Archive for ND&S Updates

Treasuries Hold Near Their Lows

December 23, 2013 


After months of speculation in the press the Federal Reserve last week announced a very modest start to a tapering of its bond buying program. The Fed said it would reduce its monthly bond purchases by $10 billion per month from $85 billion to $75 billion. This modest reduction was well received by the stock market and with further positive economic news of 4.1% GDP growth in the 3rd quarter the S&P 500 advanced 2.4% for the week. So far, the S&P 500 is up 27% YTD and if it holds those gains till the end of  the year it will be the largest annual gain since 1997.

Bond price reaction was less enthusiastic with prices for the 10 year U.S. Treasury dropping slightly and the yield rising above 2.9%. Next year look for continued upward pressure on interest rates as economic growth and tapering continue. As for equities, most forecasters are looking for continued but more modest gains in 2014.

“To be a consistent winner means preparing not just one day, one month or even one year – but for a lifetime.”
– Bill Rodgers

One More Time: the Fed and QE

December 16, 2013 

The market was flat last week, no doubt cautiously anticipating this weeks Fed meeting. Wednesday will be Bernanke’s last post-meeting press conference, since Janet Yellen will be confirmed as the next Fed Chairman [perhaps by the end of the week]. The week is doubly poignant, since the Federal Reserve System is celebrating its 100th birthday. The three living chairmen each played a pivotal role: Volker slayed the 15%+ inflation dragon, Greenspan kept it in check, and Bernanke [after initially tightening excessively] steered us through the 2008-2009 financial crisis and prevented deflation.

However, Bernanke’s Fed has deployed some extraordinary methods in an effort to accomplish these ends. Most recently, this includes an enormous asset purchase program. He has been adding $85 Billion of long-duration assets to the Fed’s balance sheet every month! This Quantitative Easing, part 3 [QE3], has to end … the question is when.

An increasing minority of Fed-watchers are expecting near term “tapering” of QE3. Others point out that although economic indicators are strengthening, fiscal and regulatory drag continues. Moreover, over the eight policy cycles over the last 40 years [since the stagflation initiated by Nixon’s wage and price controls], no major change in direction has occurred in the fourth quarter. Perhaps because no one wants to spoil the Christmas holiday!

“Never doubt that a small group of thoughtful, committed citizens can change the world; indeed, it’s the only thing that ever has.”
-Margaret Mead


The Myth of America’s Decline-Why the Declinists Are Wrong Again

December 9, 2013 


Our thanks to Yahoo/Finance for presenting Josef Joffe, an Economist at Stanford, for exposing the myth of America’s decline. He points out that the so-called Asian tigers and dragons are slowing themselves-Japan to 0%, Korea to 4%, and China to perhaps 7% and despite the dysfunction in Washington many of our states are stepping up to stimulate growth. North Dakota is one of the clearest examples.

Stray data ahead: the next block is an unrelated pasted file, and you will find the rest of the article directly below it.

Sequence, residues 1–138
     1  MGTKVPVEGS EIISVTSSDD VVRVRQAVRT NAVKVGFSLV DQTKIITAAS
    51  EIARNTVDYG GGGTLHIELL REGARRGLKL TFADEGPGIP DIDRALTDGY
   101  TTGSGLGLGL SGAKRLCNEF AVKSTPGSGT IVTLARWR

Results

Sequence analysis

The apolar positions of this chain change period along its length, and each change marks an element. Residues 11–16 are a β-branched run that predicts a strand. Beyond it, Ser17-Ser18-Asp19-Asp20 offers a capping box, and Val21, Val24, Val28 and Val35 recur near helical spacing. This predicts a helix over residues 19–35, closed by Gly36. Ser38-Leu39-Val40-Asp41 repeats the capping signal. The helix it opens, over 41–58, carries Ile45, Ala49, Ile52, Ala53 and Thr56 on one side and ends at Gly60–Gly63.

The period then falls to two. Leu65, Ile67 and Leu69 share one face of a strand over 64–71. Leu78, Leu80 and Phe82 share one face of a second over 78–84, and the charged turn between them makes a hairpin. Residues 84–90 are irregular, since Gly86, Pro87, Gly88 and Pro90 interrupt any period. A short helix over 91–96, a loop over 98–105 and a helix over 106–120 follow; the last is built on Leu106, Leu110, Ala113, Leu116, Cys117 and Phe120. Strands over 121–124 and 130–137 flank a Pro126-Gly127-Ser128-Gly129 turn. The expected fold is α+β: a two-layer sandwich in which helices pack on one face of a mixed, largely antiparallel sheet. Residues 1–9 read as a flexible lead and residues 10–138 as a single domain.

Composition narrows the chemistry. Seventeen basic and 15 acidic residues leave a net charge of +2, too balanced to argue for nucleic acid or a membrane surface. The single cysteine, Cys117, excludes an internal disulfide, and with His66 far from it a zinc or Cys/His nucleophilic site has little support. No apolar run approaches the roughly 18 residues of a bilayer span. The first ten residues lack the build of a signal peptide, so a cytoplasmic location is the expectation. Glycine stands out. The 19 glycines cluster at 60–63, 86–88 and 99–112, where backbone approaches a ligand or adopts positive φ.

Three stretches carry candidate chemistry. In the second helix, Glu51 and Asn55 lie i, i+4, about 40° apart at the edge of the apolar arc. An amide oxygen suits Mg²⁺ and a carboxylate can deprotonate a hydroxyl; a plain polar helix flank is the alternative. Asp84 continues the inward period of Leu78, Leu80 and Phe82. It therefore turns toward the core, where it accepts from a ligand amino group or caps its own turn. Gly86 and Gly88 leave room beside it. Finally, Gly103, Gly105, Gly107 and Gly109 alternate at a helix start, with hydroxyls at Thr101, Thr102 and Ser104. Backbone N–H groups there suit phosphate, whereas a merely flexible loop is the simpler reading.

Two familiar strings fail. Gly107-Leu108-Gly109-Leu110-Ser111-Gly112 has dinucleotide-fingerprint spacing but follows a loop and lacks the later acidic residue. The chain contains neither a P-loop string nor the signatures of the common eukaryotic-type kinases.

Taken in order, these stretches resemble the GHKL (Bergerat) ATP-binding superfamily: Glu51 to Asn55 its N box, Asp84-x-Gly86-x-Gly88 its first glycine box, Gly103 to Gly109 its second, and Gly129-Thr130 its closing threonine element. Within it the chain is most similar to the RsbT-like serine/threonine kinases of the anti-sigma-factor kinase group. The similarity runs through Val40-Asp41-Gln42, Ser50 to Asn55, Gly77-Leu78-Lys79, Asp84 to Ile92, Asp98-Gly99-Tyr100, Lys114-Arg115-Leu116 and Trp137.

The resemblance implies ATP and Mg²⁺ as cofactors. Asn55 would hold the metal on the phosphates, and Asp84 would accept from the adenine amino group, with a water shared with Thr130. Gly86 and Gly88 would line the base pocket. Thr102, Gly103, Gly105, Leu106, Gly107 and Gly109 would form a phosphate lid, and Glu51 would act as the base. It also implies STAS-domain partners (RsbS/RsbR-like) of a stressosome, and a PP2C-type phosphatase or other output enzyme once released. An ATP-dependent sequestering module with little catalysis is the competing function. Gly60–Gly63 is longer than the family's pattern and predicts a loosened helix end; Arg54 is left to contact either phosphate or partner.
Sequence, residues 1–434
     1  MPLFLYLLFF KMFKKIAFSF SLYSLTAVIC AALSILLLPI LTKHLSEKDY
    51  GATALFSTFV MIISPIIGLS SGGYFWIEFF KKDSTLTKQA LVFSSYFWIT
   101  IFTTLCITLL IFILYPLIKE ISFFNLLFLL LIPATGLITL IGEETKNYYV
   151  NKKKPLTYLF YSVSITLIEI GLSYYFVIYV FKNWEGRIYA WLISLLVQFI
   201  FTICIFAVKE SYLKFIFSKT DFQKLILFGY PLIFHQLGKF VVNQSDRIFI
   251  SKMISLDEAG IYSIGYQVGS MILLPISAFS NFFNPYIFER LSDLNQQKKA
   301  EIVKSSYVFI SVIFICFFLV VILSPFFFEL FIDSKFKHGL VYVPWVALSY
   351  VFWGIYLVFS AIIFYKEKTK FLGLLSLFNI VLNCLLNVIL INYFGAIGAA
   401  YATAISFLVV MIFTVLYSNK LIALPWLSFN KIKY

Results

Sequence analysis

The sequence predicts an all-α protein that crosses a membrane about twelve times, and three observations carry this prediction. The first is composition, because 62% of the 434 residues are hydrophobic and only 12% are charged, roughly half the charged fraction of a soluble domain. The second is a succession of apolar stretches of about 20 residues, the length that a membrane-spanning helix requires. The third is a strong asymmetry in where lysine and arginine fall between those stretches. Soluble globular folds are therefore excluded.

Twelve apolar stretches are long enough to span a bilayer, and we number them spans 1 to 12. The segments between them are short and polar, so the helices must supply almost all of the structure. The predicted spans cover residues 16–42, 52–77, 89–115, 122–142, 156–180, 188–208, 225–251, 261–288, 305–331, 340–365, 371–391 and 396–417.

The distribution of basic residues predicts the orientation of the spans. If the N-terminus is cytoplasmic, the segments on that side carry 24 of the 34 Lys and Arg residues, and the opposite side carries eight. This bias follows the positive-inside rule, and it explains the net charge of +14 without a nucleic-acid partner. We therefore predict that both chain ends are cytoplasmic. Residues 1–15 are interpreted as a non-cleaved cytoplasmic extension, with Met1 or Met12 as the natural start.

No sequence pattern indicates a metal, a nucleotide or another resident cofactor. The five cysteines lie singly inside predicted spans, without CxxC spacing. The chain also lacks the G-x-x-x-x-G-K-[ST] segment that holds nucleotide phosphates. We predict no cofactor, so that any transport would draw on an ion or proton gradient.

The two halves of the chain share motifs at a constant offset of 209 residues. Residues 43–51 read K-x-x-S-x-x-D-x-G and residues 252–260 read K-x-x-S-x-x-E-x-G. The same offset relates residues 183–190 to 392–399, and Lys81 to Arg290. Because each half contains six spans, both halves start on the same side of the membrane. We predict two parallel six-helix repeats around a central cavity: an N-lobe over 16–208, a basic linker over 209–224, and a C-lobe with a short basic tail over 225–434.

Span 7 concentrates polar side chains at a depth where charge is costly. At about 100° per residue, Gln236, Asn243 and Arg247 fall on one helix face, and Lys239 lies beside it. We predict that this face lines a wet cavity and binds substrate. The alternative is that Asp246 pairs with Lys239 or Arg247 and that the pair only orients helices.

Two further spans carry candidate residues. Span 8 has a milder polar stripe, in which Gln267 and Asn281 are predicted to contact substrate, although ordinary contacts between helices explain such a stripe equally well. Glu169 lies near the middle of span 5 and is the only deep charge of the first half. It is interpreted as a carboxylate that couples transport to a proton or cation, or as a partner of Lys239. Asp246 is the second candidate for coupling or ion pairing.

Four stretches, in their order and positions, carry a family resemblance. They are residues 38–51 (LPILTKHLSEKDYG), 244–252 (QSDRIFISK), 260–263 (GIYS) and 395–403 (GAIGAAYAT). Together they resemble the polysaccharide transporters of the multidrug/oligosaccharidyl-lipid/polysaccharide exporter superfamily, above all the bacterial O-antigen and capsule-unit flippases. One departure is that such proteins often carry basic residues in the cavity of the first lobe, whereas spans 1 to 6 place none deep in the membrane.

One reason for optimism is that inventors are busy and entrepreneurs are stepping up. Investment in research and development as a share of output matched the previous record set during the space race of 2.9%. The stimulus from shale gas drilling is felt in a number of states. We have 17 of the 20 finest universities in the world, 34 of the top 50 as well. Joffe uses the term “Brute Dynamism” to describe America.

Certainly there are concerns to overcome. For example the slow growth in wage income and the problems in Washington getting anything done, but perhaps the stock market is reflecting the good things going on in the world outside the beltway.


I don’t have a lot of respect for talent. Talent is genetic. It’s what you do with it that counts.”

-Martin Ritt



Giving Thanks

December 3, 2013 


Markets eked-out gains last week as investors settled-in to celebrate Thanksgiving.

For the week, the Dow Jones Industrial Average finished at 16,086 to close up by 0.2%. The broader-based S&P 500 closed at 1,806 for a gain of 0.1% for the week. The Nasdaq Composite closed the week at 4,060 for an advance of 1.7%. International markets fared slightly better than the broad U.S. market as the EAFE Index (Europe, Australia, Far East) gained 0.8%. Emerging markets advanced 0.9% for the week. The 10-year Treasury closed the week at a yield of 2.75% … unchanged for the week. Crude oil prices fell 2% for the week (every 1 cent decrease in the price of a gallon of gasoline saves Americans $3.65 million a day).

This week is full of important economic data releases – Purchasing Manager’s Index, ISM figures, light vehicle sales, ADP payrolls, the Fed beige book release, factory orders, and non-farm payrolls for Novembers (very closely watched)). Overseas data include China’s PMI and the European Central Bank rate decision.

We expect a bit of volatility as investors lock-in gains and/or take losses for tax purposes. Conflicting economic news may confuse investors and take the market averages down a bit, but any correction will likely be shallow (3-5%).

As always, we urge investors not to get caught up in the day-to-day noise of the markets. Instead, focus on long-term goals and enjoy the holiday season. 

“Gratitude is not only the greatest of virtues, but the parent of all others.”